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Building Safety Fund - Professional Indemnity breakthrough offers hope

In the past week, the Department for Levelling Up, Housing and Communities (DLUHC), (previously known as MHCLG), has issued new rules on Professional Indemnity Insurance (PII) requirements in the BSF stage 2 submission, after previous requirements were blocking many cladding remediation projects from obtaining government funding.

BSF Applicants, including RMC boards and RTM boards, are required to self-certify that a number of requirements have been met, with evidence filed on record, before they can submit the BSF Stage 2 submission which includes the Full Works and Costs obtained from the tendering exercise.

One such requirement was that all members of the professional team carried PII to a value of either £1m, or the value of the Works, whichever was higher. In almost all cases, the latter would apply, for example if your construction was estimated at £12m, then all members of the professional team required £12m PII. This was more ludicrous than a rebrand to become the Department for Levelling up! It is also slightly chicken and egg, because you appoint the professional team to pull together the tender, so you cannot possibly know what the value of the Works are at the time of appointing professional team members.

Most professional teams will consist of a Lead Consultant (typically a Chartered Surveyor), a Cost Consultant, a Fire Engineer, and a Facade Engineer, as well as possibly (if you're unlucky) a Managing Agent acting as Applicant's Representative. That is up to five companies which each potentially required large PII, plus the contractor on top. And a lot of these companies, particularly fire engineers, simply cannot get that level of PII. The insurance market simply won't provide it.

Fortunately, the ministry has made a huge concession in the face of reality which should unblock many stuck applications.

The first change is a a clarification that the PII requirements are only required by the main contractor and consultants with "Material Design Responsibility", not all members of the professional team. Material Design Responsibility means responsibility for any design which is integral to the structure or fabric of the building (including cladding, roofing, waterproofing).

For consultants with Material Design Responsibility, the new rules which then apply are:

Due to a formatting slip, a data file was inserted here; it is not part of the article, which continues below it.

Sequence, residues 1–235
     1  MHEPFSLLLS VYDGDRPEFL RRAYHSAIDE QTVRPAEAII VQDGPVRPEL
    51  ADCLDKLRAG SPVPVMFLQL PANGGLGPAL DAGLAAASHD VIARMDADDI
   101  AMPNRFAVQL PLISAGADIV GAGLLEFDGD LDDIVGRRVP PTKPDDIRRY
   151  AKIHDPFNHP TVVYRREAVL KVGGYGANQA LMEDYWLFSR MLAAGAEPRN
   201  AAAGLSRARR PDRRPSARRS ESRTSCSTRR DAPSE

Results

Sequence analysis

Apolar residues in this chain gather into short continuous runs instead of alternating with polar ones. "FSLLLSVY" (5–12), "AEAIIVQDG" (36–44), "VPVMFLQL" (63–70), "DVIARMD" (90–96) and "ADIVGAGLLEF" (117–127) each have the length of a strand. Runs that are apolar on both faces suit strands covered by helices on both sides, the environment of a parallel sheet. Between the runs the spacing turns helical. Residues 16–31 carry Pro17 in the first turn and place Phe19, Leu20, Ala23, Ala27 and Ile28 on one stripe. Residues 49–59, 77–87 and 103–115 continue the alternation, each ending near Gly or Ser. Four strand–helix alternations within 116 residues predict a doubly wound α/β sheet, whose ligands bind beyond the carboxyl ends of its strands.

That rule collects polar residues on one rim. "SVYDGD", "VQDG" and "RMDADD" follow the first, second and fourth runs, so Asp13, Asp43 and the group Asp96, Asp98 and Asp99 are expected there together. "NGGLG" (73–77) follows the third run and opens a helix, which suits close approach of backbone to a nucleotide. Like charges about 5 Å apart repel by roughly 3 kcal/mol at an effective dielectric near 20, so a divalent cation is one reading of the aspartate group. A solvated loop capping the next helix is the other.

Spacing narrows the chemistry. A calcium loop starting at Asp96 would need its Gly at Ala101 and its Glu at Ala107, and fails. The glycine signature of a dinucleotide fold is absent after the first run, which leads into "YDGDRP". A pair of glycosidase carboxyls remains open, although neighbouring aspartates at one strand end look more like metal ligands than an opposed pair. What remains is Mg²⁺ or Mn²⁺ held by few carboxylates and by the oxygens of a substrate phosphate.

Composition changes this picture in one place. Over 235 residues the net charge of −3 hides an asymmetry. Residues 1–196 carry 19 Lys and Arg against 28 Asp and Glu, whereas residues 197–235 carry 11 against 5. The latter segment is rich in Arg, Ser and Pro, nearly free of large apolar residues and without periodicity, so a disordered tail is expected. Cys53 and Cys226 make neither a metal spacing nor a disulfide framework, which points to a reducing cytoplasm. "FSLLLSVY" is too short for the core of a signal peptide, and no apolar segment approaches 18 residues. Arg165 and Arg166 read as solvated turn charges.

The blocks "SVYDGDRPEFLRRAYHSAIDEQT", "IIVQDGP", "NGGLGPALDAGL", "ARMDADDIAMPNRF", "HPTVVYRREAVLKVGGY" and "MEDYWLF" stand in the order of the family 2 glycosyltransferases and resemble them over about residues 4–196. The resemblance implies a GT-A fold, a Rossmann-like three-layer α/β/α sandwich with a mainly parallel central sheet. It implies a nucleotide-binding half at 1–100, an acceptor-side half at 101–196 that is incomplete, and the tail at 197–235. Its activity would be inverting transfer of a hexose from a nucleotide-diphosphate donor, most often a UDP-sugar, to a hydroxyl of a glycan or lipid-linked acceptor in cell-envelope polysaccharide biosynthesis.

1. PII capped at £10m rather than value of the Works (still essentially useless for most)

2. Collateral Warranty limitation period reduced from 12 to 6 years

3. PII must only be maintained if available at commercially reasonable rates

4. Applicant consider paying additional money to buy out any PII policy exclusion and include this cost in BSF submission

5. Consider sub-contracting to a fire engineer with sufficient PII (this one seems a pointless suggestion, as all teams already have a fire engineer).

Where none of the above helps (which I suspect still applies to 99% of projects) then this major breakthrough concession is allowed: projects can proceed with insufficient PII, if a fire engineer or other competent professional is appointed to inspect works at key milestones such as cladding removal, installation of cavity barriers, fire stopping, cladding install and completion. In practical terms, most would use this route, and any decent Lead Consultant worth their salt should already have been specifying regular and milestone inspections anyway before this rule change.

A big win for leaseholders and hopefully evidence the ministry is listening. In the following months, with this blocker removed, more projects should move forwards. Watch this space!


If you have discovered fire safety issues with your external walls, Clad To Help provides strategic advice from a leaseholder, RMC Director, Chartered Engineer and Project Management Expert who has led his own apartment block through the highly complex Building Safety Fund process. For support which protects leaseholders and offers cost and time saving strategies, please contact to arrange an initial chat.

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